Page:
Nobody likes layoffs, but sometimes they’re an inevitable part of doing business. So the real question we need to ask leaders when they happen is: Were they really inevitable?
You don’t have to look too far recently to see that in too many organizations the answer is an unequivocal NO. In too many of these scenarios, the layoffs could have been avoided altogether if the management team had been more disciplined in their expansion and hiring decisions.
About 11,000 people have lost their jobs in Meta. 3,700 on Twitter. 500 from Pelotone. 300 at Zillow. Soon 10,000 people at Amazon will join the ranks of the recently laid off. The list goes on.
I’m not here to criticize CEOs who try to boost their ratings – that’s part of the job. But another part of the job is seeing around corners and beyond spreadsheets and never lose sight of the people who workcreating products that contribute to their immense wealth.
If you’ve been fired, let’s start with the most essential part: it really, really, really sucks. I’m sorry for you and I’m sorry. I remind everyone I work with of the dangers of falling into the trap of thinking things are only happening to you, instead of continuing with the belief that you are going your own way. But layoffs are the big exception to the general rule: In this particular case, something happened to you that you had no agency over.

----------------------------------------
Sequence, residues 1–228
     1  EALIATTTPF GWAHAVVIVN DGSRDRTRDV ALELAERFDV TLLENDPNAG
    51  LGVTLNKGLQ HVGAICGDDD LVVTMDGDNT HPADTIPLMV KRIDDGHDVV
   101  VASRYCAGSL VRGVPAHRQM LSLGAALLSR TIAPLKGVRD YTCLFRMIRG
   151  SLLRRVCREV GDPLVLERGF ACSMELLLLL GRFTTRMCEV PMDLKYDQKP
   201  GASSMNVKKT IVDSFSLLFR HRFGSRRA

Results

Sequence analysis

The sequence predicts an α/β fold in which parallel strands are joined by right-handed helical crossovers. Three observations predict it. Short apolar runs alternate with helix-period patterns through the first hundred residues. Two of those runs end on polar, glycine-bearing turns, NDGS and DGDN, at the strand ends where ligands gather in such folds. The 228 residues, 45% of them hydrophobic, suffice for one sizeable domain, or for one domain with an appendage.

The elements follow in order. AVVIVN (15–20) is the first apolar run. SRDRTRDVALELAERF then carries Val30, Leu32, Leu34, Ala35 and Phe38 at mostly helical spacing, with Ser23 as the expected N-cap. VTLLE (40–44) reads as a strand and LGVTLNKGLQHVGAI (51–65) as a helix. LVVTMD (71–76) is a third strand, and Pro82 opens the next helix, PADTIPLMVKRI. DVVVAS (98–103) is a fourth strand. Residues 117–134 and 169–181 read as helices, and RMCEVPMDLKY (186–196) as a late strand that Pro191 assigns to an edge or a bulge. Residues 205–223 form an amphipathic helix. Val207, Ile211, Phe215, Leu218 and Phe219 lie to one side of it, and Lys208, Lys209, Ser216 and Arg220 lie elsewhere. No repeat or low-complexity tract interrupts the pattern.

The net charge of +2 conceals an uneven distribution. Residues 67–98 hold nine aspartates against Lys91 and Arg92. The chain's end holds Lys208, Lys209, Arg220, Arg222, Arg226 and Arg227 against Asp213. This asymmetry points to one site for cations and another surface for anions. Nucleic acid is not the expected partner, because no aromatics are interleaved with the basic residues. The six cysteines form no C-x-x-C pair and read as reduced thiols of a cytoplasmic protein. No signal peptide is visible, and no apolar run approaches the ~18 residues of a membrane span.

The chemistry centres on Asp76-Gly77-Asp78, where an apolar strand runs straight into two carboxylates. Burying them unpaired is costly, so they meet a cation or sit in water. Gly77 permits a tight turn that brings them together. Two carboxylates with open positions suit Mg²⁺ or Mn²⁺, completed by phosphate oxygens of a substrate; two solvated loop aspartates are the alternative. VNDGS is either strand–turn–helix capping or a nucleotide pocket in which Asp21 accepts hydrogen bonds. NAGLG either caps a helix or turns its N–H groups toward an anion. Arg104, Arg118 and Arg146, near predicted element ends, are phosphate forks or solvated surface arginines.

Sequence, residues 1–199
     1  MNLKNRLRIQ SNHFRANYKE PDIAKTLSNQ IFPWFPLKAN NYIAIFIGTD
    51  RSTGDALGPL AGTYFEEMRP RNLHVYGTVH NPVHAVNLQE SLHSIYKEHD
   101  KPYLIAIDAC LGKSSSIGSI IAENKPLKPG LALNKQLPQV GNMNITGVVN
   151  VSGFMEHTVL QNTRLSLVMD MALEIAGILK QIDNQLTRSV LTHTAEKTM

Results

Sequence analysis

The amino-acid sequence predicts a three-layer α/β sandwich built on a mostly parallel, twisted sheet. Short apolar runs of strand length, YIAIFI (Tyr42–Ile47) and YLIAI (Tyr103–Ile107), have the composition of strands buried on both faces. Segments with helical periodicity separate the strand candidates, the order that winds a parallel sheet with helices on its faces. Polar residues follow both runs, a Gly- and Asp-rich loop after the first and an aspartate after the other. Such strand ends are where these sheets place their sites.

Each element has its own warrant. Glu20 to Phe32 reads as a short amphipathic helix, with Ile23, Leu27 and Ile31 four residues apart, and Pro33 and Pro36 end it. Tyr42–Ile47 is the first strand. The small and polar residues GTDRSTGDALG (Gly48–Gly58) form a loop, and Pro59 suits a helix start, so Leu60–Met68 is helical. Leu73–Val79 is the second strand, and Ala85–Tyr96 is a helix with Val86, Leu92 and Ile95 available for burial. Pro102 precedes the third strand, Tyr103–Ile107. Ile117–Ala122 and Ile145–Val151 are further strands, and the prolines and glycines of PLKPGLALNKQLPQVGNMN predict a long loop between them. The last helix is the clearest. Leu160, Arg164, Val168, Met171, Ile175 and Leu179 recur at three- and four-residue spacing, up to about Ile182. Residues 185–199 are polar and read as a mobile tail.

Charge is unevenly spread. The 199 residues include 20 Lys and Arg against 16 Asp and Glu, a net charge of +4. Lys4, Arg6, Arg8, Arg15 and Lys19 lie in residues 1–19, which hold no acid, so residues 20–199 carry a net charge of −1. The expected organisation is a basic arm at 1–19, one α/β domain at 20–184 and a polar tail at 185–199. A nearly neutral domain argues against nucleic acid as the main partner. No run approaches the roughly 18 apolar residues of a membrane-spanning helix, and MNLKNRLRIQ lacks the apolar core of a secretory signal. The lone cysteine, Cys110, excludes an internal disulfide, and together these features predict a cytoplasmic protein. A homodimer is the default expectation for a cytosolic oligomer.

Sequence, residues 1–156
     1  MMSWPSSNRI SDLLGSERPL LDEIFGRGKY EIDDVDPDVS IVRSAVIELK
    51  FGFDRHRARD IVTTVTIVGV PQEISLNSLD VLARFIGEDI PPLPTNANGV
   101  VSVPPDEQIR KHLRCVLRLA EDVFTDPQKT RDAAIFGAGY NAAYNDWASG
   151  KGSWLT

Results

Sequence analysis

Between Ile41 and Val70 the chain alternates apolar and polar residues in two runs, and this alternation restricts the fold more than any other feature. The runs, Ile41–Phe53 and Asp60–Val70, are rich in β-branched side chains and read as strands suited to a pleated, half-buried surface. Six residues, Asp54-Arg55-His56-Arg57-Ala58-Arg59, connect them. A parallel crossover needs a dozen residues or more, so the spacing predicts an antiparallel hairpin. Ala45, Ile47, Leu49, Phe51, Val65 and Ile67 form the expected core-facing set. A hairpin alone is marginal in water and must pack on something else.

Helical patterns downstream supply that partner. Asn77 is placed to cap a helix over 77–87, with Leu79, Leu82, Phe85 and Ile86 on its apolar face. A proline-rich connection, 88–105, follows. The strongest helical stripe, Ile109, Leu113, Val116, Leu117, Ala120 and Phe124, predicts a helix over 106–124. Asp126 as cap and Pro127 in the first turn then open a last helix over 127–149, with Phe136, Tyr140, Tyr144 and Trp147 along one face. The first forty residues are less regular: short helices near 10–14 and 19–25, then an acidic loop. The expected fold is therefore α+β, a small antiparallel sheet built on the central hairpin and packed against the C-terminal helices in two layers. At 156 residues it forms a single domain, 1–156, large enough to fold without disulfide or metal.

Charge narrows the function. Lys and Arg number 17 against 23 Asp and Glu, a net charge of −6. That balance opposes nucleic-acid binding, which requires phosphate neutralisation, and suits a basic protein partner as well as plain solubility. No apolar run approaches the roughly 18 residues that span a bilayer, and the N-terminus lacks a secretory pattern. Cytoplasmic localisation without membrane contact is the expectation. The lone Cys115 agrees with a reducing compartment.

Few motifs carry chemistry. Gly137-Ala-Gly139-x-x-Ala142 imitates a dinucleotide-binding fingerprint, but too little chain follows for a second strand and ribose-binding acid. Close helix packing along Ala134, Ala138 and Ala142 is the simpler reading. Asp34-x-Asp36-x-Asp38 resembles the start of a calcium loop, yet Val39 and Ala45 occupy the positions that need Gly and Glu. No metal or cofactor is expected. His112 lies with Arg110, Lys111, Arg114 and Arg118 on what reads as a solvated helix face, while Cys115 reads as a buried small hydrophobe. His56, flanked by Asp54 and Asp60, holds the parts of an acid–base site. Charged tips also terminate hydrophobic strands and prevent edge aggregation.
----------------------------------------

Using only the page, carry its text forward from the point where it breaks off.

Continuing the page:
In this context, I recognize that it’s hard not to take this personally, but I urge you to remember *it’s not your fault*. . It’s the CEO’s fault, plain and simple. The investors who pushed them to conquer, grow, grow and spend are also complicit. To the employers who conduct layoffs, I hope you do so with a heavy heart, but also in a transparent, deliberate and compassionate way.
For employees recovering from a layoff, here’s where to start.
It is useful for employees shocked by layoffs, from the balcony, to remember that many companies (including ours) are hiring. You will find a new job and it will be great if you do. Here’s where to start:
Consider what gives you purpose.
Take a minute, a weekend or a few weeks if you can, to really contemplate what your future professional happiness might look like. Sure, money matters, but so does meaning. Is the work purposeful? Does it allow you to do what you do best every day? And to grow, stretch and learn new things that inspire you?
Consider your finances.
If a job checks all of the above boxes, ask yourself: Am I willing to trade at least some short-term economics for long-term meaning and growth? If so, you’ve just opened the door to new possibilities significantly.
Consider the hype.
Think carefully about the company you might join, and perhaps be a little more skeptical of outlandish claims and pointless advertising. How much confusion is there in the articulation of his mission and his plan? Does the leadership seem accountable and measured? Do your future colleagues seem inspired and rationally committed to long-term meaningful construction, or are they repeating insane claims like cult members?
I worked for someone many years ago who said to me, “Chavez, if you ever have a job where you only hate 30% of what you do, that’s a great job — you gotta hold on to it!” It’s almost a relief when you recognize that you’re unlikely to find a job where you 100% delight in what you do. So, you can stop wasting your energy trying to chase that windmill and instead focus on optimizing for a job you love 70% about.
Be deliberate, aim high, and be kind to yourself. In the meantime, I lie up. A layoff doesn’t define you or what you bring to the table — only you get to decide those things.